Tour de France race director Christian Prudhomme has explained that the Tour de France safety protocols would be trialled at the Criterium du Dauphine.
Speaking to the AFP, Prudhomme said that detailed plans would be issued later in the summer as the strategies are finalised.
"The guidelines will be defined in late July, early August," Prudhomme said, of what would be a, "unique and singular" event due to the coronavirus pandemic, adding that the Criterium du Dauphine would be used as a test event for guidelines.
Competitive cycling was suspended in the spring of 2020 as the world went into lockdown, but the Tour is now four weeks away. The director confirmed that riders would be asked not to give autographs on the stages, and there will be no traditional kissing on the podium for stage and race winners.
There will certainly be no kissing or hugging during the ceremonies. And it's certainly not the best year to get autographs.
"The public will be able to come to the Tour but there will probably be more or less strict security. In the mountains, we will favour those who go up on foot, by bike or on the transport set up by the communities. But, I repeat, the situation is changing from day to day. What will it be in two months?" Phrudhomme explained.
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"What we can say is that there will be a race with the best riders. The publicity caravan will have about 100 vehicles, about 60 per cent of previous years. The economic crisis is hitting the various sectors of the economy."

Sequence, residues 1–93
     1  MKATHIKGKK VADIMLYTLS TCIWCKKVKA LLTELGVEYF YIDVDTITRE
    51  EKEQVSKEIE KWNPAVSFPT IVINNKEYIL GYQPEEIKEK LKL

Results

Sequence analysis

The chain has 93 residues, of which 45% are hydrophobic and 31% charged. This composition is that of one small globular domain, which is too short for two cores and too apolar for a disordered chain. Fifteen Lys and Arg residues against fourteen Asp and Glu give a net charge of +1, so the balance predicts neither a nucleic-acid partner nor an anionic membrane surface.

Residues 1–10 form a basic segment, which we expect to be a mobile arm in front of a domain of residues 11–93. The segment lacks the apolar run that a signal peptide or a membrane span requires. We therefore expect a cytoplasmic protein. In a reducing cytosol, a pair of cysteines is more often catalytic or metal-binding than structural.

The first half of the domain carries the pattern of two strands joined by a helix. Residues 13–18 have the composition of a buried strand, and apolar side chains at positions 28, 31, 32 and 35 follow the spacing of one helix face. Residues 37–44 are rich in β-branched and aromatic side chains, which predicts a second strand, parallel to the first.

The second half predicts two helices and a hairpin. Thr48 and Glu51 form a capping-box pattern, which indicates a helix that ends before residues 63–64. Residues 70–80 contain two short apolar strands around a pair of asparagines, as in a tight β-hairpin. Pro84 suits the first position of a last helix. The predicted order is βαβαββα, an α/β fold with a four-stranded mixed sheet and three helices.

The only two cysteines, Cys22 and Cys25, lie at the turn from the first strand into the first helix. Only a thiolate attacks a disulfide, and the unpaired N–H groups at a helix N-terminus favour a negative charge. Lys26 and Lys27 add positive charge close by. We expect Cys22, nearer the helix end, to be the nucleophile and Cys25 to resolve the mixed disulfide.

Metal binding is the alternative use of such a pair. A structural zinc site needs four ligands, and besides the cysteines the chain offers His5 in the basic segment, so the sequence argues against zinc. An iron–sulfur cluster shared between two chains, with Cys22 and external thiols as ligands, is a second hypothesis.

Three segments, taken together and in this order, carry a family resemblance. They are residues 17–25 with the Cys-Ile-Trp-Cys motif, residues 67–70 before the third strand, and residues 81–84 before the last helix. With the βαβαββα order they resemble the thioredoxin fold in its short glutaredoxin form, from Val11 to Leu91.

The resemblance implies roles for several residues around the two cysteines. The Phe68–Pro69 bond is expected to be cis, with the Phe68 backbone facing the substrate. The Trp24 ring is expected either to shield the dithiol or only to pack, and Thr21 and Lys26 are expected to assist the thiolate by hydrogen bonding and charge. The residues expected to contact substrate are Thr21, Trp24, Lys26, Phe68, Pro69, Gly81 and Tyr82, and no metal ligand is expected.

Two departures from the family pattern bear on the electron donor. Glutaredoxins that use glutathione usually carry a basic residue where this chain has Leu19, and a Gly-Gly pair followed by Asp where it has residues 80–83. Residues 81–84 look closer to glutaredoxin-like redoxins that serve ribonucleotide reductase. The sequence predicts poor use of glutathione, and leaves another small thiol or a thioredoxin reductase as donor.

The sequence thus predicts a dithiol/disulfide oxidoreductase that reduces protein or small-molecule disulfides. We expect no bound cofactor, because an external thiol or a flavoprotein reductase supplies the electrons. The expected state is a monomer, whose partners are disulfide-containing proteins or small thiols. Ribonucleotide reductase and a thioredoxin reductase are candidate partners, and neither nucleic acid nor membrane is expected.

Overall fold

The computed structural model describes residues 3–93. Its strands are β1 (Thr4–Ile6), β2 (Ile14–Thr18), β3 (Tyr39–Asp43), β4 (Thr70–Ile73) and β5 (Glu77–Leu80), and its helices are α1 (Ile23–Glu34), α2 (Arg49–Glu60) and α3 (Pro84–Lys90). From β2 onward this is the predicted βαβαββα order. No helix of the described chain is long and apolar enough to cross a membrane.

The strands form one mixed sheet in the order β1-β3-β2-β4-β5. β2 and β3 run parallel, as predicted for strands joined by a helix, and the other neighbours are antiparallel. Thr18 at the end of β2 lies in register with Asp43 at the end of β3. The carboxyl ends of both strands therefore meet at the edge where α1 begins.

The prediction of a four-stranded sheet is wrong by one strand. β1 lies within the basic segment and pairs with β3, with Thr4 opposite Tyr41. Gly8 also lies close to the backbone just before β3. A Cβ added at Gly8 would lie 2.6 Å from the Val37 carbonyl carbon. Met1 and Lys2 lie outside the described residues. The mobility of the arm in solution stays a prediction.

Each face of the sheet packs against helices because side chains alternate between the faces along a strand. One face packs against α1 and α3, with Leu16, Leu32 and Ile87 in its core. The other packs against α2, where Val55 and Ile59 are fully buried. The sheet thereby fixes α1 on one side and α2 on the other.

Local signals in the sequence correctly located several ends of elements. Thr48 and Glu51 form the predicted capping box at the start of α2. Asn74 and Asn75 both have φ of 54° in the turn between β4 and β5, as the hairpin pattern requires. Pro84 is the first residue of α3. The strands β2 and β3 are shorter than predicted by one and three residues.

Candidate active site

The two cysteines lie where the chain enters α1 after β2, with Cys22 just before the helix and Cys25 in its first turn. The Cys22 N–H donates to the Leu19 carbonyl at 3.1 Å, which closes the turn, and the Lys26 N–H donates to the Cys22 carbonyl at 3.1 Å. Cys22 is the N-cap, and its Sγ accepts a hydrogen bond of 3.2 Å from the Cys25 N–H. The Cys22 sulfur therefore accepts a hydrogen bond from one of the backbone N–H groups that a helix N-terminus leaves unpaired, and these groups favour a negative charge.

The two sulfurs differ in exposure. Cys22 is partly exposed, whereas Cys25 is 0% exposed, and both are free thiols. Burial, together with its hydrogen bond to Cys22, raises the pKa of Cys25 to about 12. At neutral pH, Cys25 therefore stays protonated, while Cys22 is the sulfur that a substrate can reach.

The director also believes that the weather will have a huge impact on the Tour due to the exacting conditions caused by the summer heat.
"It will be a unique Tour, since it will be the latest ever, formally in the summer but outside the holiday period. A singular Tour, there will be some real questions about the riders whose method of preparation will be necessarily different this year. The weather is likely to be less hot and there will probably be more wind. On the roadside, there will probably be fewer people, but the party will be there, with respect to health measures.
"We began to take up the challenge by obtaining the approval of all the elected officials concerned. What I have heard most often is 'The Tour will always be the Tour'. It was fascinating! In sporting terms and in the media, the Tour is the same. On the other hand, we had some patches to put in, because we couldn't take exactly the same route in September. In Lyon, for example, we have three kilometres less on the stage, the climb to Fourvière is shorter. But that's marginal!"